The International Press Institute (IPI) expressed grave concern on 30 August 2010 for the state of media freedom in Ukraine after a court ruling forced one TV station off the air and limited the licences of another.
At a hearing in Kiev on 30 August 2010, the two privately-run TV channels, TVi and 5 Kanal, were told their broadcast frequencies would be cancelled after the court found in favour of allegations of irregularities in the manner in which the stations were awarded their licences. As TVi had renewed all its licences in the contested application, the channel lost all its licences; 5 Kanal only lost the new licences it had been awarded, limiting its broadcast reach across the vast country.
Senior executives from the stations, as well members of the National Board of Ukraine for Television and Radio, who awarded the licences, could all face criminal proceedings and ultimately prison sentences. The case now lies in the hands of the prosecutor general.
According to Ukrainian media experts, 5 Kanal and TVi are among the few Ukrainian TV channels that provide independent news coverage. In May, Natalia Ligacheva, chief editor of Kyiv-based Telekritika media watchdog, stated that the stations were the only remaining channels that Telekritika considered as unbiased.
Speaking to IPI by telephone shortly after the verdict, TVi Chief Executive Mykola Kniazhytskyi said: “As much as I expected it [the verdict], I am in shock.”
“We are forbidden to broadcast as of today. We consider this unlawful, but there is little we can do. We can still petition a higher court. It’s a futile gesture but we will still make it,” said Kniazhytskyi.
Owner of rival media holding Inter Media Group and head of Ukrainian Security Service, Valeriy Khoroshkovsky, has been accused by 5 Kanal of influencing the decision to remove licences, allegations Khoroshkovky has strongly refuted. Khoroshkovky had recently asked for a new tender for frequencies. According to the Kyiv Post, Inter Media Group currently indirectly owns 61 per cent of the shares of the Ukrainian Independent TV Corporation (Inter TV channel), 100 per cent of the TV Studio Information Service (NTN TV channel), 90 per cent of Music-TV (Enter Music TV Channel), as well as television channels K1, K2, Megasport and various other media assets.
In an earlier interview, Kniazhytskyi had said that since President Viktor Yanukovych was elected at the beginning of the year a number of topics became off-limits.
“It is clear the judge was prejudiced, ” Kniazhytskyi said today. “This is a turning point [for press freedom]. They are not going to stop at this.”
TVi can still operate its website and is still able to broadcast via cable.”
“Our viewership is severely limited. This is not economically viable; we cannot make a living like this. It is crippling,” said Kniazhytskyi.
Concern over the deterioration of press freedom in Ukraine has been growing in recent months. In an open letter to President Yanukovych earlier this month, IPI called attention to a rise in attacks on journalists along with a growing climate of impunity, as well as the TVi/5 Kanal court case. Although President Yanukovych commented on the letter indirectly to the Ukrainian media, IPI has yet to receive a direct response.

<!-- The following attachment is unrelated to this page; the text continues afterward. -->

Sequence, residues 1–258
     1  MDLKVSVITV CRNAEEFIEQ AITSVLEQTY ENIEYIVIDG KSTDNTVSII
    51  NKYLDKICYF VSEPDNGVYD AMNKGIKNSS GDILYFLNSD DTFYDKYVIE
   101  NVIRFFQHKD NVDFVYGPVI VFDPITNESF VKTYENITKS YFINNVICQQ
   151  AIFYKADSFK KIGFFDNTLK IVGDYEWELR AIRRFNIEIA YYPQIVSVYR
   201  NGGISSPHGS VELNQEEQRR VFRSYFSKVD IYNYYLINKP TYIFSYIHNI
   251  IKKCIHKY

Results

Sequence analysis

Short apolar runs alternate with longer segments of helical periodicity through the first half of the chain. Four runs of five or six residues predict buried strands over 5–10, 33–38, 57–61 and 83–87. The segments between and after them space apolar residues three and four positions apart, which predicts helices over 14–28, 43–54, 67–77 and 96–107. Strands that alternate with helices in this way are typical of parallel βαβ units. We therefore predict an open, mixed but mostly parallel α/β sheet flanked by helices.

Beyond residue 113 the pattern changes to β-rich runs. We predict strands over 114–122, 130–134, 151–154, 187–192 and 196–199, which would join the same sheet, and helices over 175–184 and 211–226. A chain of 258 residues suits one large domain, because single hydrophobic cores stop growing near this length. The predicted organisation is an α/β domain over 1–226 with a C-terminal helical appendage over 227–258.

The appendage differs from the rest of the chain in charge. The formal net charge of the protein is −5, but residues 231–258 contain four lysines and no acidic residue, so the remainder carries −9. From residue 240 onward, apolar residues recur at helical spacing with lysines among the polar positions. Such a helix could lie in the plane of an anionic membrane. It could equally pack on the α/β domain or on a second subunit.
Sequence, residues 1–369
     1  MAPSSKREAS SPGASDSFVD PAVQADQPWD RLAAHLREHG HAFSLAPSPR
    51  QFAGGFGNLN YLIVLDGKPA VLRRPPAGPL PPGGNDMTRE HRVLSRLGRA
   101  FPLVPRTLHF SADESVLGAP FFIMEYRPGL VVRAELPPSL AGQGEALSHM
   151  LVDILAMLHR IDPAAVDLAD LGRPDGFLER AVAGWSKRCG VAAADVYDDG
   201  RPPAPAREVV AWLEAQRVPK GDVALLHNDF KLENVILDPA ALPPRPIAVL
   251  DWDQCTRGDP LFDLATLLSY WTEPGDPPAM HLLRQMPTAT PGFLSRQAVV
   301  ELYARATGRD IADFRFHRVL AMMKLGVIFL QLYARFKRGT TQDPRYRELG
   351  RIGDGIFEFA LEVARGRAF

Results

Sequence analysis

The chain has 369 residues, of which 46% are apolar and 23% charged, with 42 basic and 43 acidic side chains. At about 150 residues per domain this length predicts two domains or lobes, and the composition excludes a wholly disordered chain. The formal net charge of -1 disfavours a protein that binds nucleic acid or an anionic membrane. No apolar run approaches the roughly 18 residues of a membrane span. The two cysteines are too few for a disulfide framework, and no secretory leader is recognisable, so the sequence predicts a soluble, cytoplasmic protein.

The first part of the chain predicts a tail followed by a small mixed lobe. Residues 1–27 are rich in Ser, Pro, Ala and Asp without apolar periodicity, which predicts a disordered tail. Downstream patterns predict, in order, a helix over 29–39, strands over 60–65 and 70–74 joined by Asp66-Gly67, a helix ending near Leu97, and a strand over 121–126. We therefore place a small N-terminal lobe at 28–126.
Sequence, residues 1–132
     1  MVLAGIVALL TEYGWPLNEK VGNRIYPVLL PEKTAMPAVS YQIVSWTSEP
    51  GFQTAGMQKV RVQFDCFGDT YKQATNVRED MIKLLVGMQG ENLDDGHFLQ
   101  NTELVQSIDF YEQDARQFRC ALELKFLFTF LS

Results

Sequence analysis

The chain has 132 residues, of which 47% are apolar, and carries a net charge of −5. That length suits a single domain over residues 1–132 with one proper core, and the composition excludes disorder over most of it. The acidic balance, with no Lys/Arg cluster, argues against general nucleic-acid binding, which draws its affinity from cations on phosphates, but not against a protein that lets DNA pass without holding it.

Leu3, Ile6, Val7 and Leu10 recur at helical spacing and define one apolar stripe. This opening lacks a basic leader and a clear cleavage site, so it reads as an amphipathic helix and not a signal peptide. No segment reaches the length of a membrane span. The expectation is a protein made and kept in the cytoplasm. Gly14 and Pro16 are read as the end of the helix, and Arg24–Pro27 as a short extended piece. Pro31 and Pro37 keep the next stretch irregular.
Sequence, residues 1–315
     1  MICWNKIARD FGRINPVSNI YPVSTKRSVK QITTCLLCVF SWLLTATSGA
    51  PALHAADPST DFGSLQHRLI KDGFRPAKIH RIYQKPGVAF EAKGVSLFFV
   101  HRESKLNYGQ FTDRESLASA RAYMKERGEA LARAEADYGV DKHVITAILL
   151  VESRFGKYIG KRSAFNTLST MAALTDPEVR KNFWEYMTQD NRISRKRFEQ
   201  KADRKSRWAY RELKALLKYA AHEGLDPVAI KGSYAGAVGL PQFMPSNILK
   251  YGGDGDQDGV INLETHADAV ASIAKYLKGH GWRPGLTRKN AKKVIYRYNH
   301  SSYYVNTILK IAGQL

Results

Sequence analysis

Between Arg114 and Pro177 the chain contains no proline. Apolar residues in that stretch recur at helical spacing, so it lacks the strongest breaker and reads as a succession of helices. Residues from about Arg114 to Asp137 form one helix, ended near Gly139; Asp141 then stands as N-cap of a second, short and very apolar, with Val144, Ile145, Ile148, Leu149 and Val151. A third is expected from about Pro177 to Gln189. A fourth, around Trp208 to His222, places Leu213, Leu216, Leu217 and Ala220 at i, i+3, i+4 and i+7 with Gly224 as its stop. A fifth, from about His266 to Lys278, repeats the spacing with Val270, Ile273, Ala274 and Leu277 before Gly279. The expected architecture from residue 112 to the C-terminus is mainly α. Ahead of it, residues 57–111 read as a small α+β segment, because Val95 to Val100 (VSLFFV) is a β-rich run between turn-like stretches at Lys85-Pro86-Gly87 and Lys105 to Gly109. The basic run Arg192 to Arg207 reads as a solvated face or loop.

During his current visit to Germany, on 30 August 2010 German Chancellor Angela Merkel called on President Yanukovych to address unanswered questions regarding some democratic processes in his country, “in particular in the area of press freedom and the freedom of expression. ” According to the Associated Press, Merkel said both sides had agreed to openly and frankly discuss these issues in the future, if critical questions arise. Yanukovych offered no reply.
“This is a damaging blow to media freedom and the independent media in Ukraine,” said IPI Interim Director Alison Bethel McKenzie. “A diverse and critical media is the cornerstone of democracy and we are deeply concerned by the deterioration of media freedom in Ukraine.”
“I welcome Chancellor Merkel’s comments to President Yanukovych during his visit to Germany. Ukraine cannot be allowed to slide back into a climate of fear and repression that it has previously suffered.”
Bethel McKenzie also expressed concern for the well being of missing journalist Vasyl Klymentyev. According to the Kyiv Post, Interior Minister Anatoly Mogylyov told reporters on 27 August that investigators have reason to believe the editor-in-chief of the Noviy Stil newspaper, who has been missing since Wednesday, 11 August 2010, is dead and could have been killed by police in the eastern region of Kharkiv, where Klymentyev was based. His case is being treated by the authorities as a “premeditated murder,” although Klymentyev has yet to be found.
Although a number of concerns remained, there had been a marked improvement in press freedom since the Orange Revolution of 2004, which saw protests and following elections marred by corruption. Since the election of President Yanukovych in February 2010, the press freedom climate has again deteriorated.
The South East Europe Media Organisation (SEEMO), a network of editors, media executives and leading journalists in South East and Central Europe and an affiliate of the International Press Institute (IPI), supports this statement.
****For further information, please contact:
SEEMO Press Freedom Coordinator
South East Europe Media Organisation (SEEMO)